noun, plural par·leys.

a discussion or conference.
an informal conference between enemies under a truce, especially to discuss terms, conditions of surrender, etc.

verb (used without object), par·leyed, par·ley·ing.

to hold an informal conference with an enemy under a truce, as between active hostilities.
to speak, talk, or confer.

Origin of parley

1400–50; late Middle English parlai < Middle French parlee, noun use of feminine of parle, past participle of parler to parle
Related formspar·ley·er, noun

Synonyms for parley




Peter, pen name of Samuel Griswald Goodrich. Unabridged Based on the Random House Unabridged Dictionary, © Random House, Inc. 2019

Examples from the Web for parley

Contemporary Examples of parley

Historical Examples of parley

British Dictionary definitions for parley



a discussion, esp between enemies under a truce to decide terms of surrender, etc


(intr) to discuss, esp with an enemy under a truce
(tr) to speak (a foreign language)
Derived Formsparleyer, noun

Word Origin for parley

C16: from French, from parler to talk, from Medieval Latin parabolāre, from Late Latin parabola speech, parable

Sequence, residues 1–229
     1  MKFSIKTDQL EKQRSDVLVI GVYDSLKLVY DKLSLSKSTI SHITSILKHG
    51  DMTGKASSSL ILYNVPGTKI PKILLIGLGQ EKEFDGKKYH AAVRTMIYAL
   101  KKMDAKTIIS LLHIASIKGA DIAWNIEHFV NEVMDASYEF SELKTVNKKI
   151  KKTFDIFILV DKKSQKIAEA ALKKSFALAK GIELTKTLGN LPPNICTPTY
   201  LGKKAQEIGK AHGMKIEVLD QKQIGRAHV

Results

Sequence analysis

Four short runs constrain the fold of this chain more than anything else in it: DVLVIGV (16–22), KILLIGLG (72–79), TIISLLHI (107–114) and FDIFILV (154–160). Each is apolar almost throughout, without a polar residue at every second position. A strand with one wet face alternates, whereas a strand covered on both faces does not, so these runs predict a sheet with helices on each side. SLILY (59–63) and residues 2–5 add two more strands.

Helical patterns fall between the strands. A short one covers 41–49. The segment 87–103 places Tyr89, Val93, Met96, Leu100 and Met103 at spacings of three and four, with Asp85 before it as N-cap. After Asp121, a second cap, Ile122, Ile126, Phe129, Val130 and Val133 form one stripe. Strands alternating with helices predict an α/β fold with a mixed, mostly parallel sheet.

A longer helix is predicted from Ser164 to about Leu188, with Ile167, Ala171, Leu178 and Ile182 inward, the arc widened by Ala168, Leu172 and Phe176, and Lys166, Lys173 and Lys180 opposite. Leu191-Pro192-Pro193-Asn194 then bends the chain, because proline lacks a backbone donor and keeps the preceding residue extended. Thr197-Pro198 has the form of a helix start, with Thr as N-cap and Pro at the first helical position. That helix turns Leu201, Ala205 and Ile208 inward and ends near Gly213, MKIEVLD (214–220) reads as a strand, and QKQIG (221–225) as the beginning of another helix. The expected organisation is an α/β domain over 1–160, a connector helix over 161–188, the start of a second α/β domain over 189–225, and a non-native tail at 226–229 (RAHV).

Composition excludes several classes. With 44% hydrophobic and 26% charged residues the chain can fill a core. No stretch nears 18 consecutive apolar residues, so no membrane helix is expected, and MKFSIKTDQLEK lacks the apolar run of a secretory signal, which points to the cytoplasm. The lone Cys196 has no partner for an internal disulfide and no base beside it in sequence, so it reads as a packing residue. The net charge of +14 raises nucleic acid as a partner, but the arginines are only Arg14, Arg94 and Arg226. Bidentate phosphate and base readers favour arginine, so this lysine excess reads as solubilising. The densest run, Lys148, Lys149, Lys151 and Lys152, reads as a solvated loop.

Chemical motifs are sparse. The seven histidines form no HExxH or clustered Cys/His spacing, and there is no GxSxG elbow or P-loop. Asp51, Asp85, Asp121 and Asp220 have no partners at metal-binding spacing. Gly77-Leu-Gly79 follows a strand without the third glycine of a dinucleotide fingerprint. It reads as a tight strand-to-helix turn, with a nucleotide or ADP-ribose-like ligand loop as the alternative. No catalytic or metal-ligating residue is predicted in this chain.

Collins English Dictionary - Complete & Unabridged 2012 Digital Edition © William Collins Sons & Co. Ltd. 1979, 1986 © HarperCollins Publishers 1998, 2000, 2003, 2005, 2006, 2007, 2009, 2012

Word Origin and History for parley

"conference, speech," especially with an enemy, mid-15c., from Middle French parlée, from fem. past participle of Old French parler "to speak" (11c.), from Vulgar Latin *paraulare, from Late Latin parabolare "to speak (in parables)," from parabola "speech, discourse," from Latin parabola "comparison" (see parable).


late 14c., "to speak, talk, confer," probably a separate borrowing of Old French parler "to speak" (see parley (n.)). Related: Parleyed; parleying. Meaning "to discuss terms" is 1560s, from the noun.

Online Etymology Dictionary, © 2010 Douglas Harper